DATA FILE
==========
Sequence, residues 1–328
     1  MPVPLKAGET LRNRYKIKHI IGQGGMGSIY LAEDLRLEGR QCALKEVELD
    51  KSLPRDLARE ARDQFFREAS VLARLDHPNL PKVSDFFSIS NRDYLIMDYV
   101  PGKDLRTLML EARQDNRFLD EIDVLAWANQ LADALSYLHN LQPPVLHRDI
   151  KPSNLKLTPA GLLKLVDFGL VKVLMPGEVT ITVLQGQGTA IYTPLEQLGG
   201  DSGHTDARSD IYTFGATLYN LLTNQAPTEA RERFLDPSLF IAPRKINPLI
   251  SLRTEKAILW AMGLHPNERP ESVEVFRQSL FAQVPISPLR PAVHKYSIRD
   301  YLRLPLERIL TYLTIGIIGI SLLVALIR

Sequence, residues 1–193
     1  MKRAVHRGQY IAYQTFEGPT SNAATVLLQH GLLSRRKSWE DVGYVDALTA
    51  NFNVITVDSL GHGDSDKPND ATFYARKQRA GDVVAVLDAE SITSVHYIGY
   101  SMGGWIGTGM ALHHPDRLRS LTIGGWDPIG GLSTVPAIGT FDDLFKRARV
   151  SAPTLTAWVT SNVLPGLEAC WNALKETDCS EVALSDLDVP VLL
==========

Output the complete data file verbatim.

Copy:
Sequence, residues 1–328
     1  MPVPLKAGET LRNRYKIKHI IGQGGMGSIY LAEDLRLEGR QCALKEVELD
    51  KSLPRDLARE ARDQFFREAS VLARLDHPNL PKVSDFFSIS NRDYLIMDYV
   101  PGKDLRTLML EARQDNRFLD EIDVLAWANQ LADALSYLHN LQPPVLHRDI
   151  KPSNLKLTPA GLLKLVDFGL VKVLMPGEVT ITVLQGQGTA IYTPLEQLGG
   201  DSGHTDARSD IYTFGATLYN LLTNQAPTEA RERFLDPSLF IAPRKINPLI
   251  SLRTEKAILW AMGLHPNERP ESVEVFRQSL FAQVPISPLR PAVHKYSIRD
   301  YLRLPLERIL TYLTIGIIGI SLLVALIR

Sequence, residues 1–193
     1  MKRAVHRGQY IAYQTFEGPT SNAATVLLQH GLLSRRKSWE DVGYVDALTA
    51  NFNVITVDSL GHGDSDKPND ATFYARKQRA GDVVAVLDAE SITSVHYIGY
   101  SMGGWIGTGM ALHHPDRLRS LTIGGWDPIG GLSTVPAIGT FDDLFKRARV
   151  SAPTLTAWVT SNVLPGLEAC WNALKETDCS EVALSDLDVP VLL